The Audubon Naturalist Society Water Quality Monitoring Program is one of the largest and longest-running community science programs in the country. Since the early 1990s, the program has operated in Washington, DC, and nearby counties of Maryland.

Learn more about the history of water quality monitoring at ANS

What do monitors do?

Adults and children 10 or older, accompanied by their parents, visit local streams to find and identify small animals that live in the streambed called “benthic macroinvertebrates.” Because these small animals, many of them immature insects, have a range of sensitivities to pollutants and stressors, they help us determine the streams’ health. Monitors also record information on the condition of the stream and its banks, test the pH of the water, and measure the temperature of the water and air. Everyone who enters the program is assigned to team that monitors a given stream site. Each team is led by an experienced monitor who has passed a test in benthic macroinvertebrate identification.

How often do monitors visit their streams?

The teams visit their stream sites once in every season -- in April, July, October, and optionally during the winter (December to February)This gives us a record of aquatic life throughout the year. 

How does the ANS program differ from other monitoring programs? 

Our monitors identify aquatic insects to the taxonomic level of family. This gives us a clearer picture of aquatic diversity and stream health than programs with more general identification practices. Because our monitors identify organisms in the field and then release them alive, they do not have to preserve them in alcohol and send them to a lab for identification.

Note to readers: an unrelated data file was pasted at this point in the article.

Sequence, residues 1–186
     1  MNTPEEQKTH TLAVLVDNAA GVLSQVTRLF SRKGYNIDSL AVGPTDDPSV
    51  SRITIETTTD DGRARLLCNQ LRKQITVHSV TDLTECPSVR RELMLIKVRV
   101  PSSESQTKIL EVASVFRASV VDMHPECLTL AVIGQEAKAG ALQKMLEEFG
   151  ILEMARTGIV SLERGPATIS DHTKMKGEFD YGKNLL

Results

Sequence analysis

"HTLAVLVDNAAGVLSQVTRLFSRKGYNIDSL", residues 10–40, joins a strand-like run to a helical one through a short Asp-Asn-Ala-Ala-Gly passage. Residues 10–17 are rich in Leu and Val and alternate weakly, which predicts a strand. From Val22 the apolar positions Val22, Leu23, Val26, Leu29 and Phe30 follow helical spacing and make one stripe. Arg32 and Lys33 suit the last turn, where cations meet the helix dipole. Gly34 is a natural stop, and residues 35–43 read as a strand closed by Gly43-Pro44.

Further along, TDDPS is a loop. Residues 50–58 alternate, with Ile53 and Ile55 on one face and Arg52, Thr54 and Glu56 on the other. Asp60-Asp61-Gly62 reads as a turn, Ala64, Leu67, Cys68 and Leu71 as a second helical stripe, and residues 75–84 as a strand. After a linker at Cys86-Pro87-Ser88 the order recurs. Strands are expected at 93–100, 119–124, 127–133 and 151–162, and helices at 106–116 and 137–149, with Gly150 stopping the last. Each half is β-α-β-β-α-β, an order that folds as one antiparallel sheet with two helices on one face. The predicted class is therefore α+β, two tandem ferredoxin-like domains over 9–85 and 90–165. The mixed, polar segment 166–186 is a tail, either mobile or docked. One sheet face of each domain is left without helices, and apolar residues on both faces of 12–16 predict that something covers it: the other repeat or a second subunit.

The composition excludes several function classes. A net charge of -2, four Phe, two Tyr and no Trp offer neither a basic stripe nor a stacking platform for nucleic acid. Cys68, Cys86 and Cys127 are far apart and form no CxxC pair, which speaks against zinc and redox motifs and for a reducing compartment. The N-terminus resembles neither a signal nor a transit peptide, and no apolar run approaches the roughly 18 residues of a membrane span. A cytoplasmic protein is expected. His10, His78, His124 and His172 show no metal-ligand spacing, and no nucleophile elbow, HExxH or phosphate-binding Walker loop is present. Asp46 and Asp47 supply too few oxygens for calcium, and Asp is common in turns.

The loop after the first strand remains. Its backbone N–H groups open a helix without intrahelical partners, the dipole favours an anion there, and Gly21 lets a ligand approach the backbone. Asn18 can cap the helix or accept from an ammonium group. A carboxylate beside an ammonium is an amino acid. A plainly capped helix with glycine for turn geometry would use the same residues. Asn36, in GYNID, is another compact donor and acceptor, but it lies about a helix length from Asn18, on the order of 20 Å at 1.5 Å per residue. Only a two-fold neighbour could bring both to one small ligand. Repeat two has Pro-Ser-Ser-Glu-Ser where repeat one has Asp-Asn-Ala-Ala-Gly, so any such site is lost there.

How is the monitoring data used? 

We provide data to government agencies and to others upon request. Periodically we issue special reports of our data. [Link to reports?] ANS also contributes data to the Chesapeake Monitoring Cooperative. 

How can I become a stream monitor?  

Apply here to become a stream monitor. No prior experience is necessary. We ask that new monitors take at least one introductory stream science class 

Reports & Data

Where We Monitor: see a map of all our community science data. Uncheck the box marked "Critter Survey" at the top left to see only Water Quality Monitoring sites.

Learn More

  • Check out the Conservation Blog for more news and reports from our community scientists!
  • For questions about monitoring with ANS, email Cathy Wiss. For information about water quality monitoring in Northern Virginia, email Dan Schwartz with the Northern Virginia Soil and Water Conservation District.
  • For information about the Chesapeake Monitoring Cooperative and bringing together volunteer data for government decision-making, click here.

Watch Our Video

Get Involved

Become a Volunteer Water Quality Monitor

Before going into the field, new monitors should have a basic knowledge of macroinvertebrate identification and stream ecology, either from previous training or by attending ANS’s water quality classes. Volunteers should also be willing to commit to at least two seasons of monitoring.

Ready to join a monitoring team? Apply Today! 

Resources for Volunteer Monitors

Are you an ANS or partner organization community-scientist who monitors regional streams? Here are some useful links to brush up on your protocols, download and print data forms, and more:

Macroinvertebrate Collection Forms

Habitat Forms

Program Scientific Resources

Are you interested in how we ensure the integrity of our data and calculate our stream health scores? Read up on the fundamentals behind our program:


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